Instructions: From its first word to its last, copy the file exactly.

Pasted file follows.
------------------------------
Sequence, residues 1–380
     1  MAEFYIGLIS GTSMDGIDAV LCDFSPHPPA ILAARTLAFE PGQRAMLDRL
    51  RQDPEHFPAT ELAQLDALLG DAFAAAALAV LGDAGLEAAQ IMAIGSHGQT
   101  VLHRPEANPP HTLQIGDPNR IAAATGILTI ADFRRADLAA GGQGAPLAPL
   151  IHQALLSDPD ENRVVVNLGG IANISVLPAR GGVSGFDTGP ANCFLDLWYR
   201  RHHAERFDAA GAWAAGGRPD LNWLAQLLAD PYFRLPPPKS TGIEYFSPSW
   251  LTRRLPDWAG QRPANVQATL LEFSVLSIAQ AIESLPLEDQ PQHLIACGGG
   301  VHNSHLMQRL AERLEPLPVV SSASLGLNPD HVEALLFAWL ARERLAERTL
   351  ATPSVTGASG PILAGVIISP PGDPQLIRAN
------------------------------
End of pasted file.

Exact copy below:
Sequence, residues 1–380
     1  MAEFYIGLIS GTSMDGIDAV LCDFSPHPPA ILAARTLAFE PGQRAMLDRL
    51  RQDPEHFPAT ELAQLDALLG DAFAAAALAV LGDAGLEAAQ IMAIGSHGQT
   101  VLHRPEANPP HTLQIGDPNR IAAATGILTI ADFRRADLAA GGQGAPLAPL
   151  IHQALLSDPD ENRVVVNLGG IANISVLPAR GGVSGFDTGP ANCFLDLWYR
   201  RHHAERFDAA GAWAAGGRPD LNWLAQLLAD PYFRLPPPKS TGIEYFSPSW
   251  LTRRLPDWAG QRPANVQATL LEFSVLSIAQ AIESLPLEDQ PQHLIACGGG
   301  VHNSHLMQRL AERLEPLPVV SSASLGLNPD HVEALLFAWL ARERLAERTL
   351  ATPSVTGASG PILAGVIISP PGDPQLIRAN